But he has admitted that he failed when it came to addressing homelessness, especially at first, when the number of people staying in city shelters reached all-time highs. The city did manage to reduce the shelter population by about a quarter during his tenure—from more than 60,000 to around 45,000 at the end of 2021—but much of that decrease was the result of a statewide eviction freeze that prevented thousands from losing their homes.
During the interview, de Blasio offered little by way of advice to current Mayor Eric Adams, except to focus on the successful eviction prevention strategy of providing free legal representation for the lowest-income tenants. New York City’s right to counsel law, enacted under de Blasio, is supposed to ensure that every low-income tenant has an attorney in Housing Court, but the wave of new eviction filings since the expiration of a state eviction freeze has strained the nonprofit groups funded to provide that representation.
De Blasio also explained the need for more affordable housing, but said he would not target the exclusionary zoning rules that limit new development on a national level.
“I respect local decision-making obviously as someone who’s worked from the City Council up to Mayor on trying to make sure we do things right from communities,” he said.
Instead, he again focused on enabling people to stay in their current homes, this time through rent regulation laws across the country.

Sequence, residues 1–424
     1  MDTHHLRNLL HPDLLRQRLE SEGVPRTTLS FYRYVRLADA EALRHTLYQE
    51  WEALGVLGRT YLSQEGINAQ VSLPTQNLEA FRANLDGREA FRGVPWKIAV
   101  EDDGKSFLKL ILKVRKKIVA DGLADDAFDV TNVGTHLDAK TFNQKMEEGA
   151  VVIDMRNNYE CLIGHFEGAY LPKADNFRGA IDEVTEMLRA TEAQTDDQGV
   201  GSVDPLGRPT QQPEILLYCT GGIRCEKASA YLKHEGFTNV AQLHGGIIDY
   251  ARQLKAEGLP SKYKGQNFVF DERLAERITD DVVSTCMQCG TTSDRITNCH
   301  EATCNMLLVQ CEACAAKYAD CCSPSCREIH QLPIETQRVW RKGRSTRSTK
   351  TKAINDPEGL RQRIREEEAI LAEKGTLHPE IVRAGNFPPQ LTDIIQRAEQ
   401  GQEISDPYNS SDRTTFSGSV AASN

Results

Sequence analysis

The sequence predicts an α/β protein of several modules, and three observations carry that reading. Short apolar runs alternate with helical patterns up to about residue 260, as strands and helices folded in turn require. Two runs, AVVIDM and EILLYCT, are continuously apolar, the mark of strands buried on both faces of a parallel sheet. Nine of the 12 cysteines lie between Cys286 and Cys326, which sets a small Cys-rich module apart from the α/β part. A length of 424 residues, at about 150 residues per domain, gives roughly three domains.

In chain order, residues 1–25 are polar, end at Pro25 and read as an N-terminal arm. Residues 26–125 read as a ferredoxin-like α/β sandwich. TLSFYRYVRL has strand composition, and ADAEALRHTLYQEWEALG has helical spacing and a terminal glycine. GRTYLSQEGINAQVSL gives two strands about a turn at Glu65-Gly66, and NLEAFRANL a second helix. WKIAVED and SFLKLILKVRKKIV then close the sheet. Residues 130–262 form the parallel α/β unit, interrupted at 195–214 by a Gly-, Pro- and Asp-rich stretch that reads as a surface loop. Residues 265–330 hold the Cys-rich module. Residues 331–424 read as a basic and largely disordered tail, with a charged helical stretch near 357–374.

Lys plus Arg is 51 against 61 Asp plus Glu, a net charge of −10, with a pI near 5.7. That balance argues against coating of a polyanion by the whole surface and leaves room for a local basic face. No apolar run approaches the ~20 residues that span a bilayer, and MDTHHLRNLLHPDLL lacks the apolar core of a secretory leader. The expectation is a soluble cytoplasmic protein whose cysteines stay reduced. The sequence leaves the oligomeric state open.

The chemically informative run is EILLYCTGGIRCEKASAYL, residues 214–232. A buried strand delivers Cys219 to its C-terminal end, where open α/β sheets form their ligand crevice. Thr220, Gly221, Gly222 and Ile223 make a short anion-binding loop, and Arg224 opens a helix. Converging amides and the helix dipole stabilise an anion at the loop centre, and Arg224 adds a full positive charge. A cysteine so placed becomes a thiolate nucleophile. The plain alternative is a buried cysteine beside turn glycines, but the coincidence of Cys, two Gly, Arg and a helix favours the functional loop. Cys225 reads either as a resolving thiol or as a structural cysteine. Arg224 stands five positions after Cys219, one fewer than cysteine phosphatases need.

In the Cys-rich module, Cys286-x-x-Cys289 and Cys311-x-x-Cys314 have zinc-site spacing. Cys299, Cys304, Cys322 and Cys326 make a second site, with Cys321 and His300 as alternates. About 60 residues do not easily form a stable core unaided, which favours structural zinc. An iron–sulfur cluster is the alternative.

“I do think what we need is a national agenda to fundamentally change how we approach affordable housing. For example, in most of this country, there’s no rent regulation,” he said. “I believe rent regulation should be widespread in urban areas. It’s needed. It’s been very powerful here.”
A who’s who of New York politics
De Blasio faces a formidable field for the newly drawn Congressional district, with several heavy hitters in the mix. Candidates include current Rep. Mondaire Jones, who moved to New York City from his suburban district after a court-appointed maps expert from Pennsylvania drew new Congressional lines. Assemblymembers Yuh-Line Niou of Lower Manhattan and JoAnne Simon are running, as is Manhattan City Councilmember Carlina Rivera, a one-time contender for Council Speaker. Veteran politician Elizabeth Holtzman, a former Brooklyn District Attorney, city comptroller and representative, is also vying for the seat.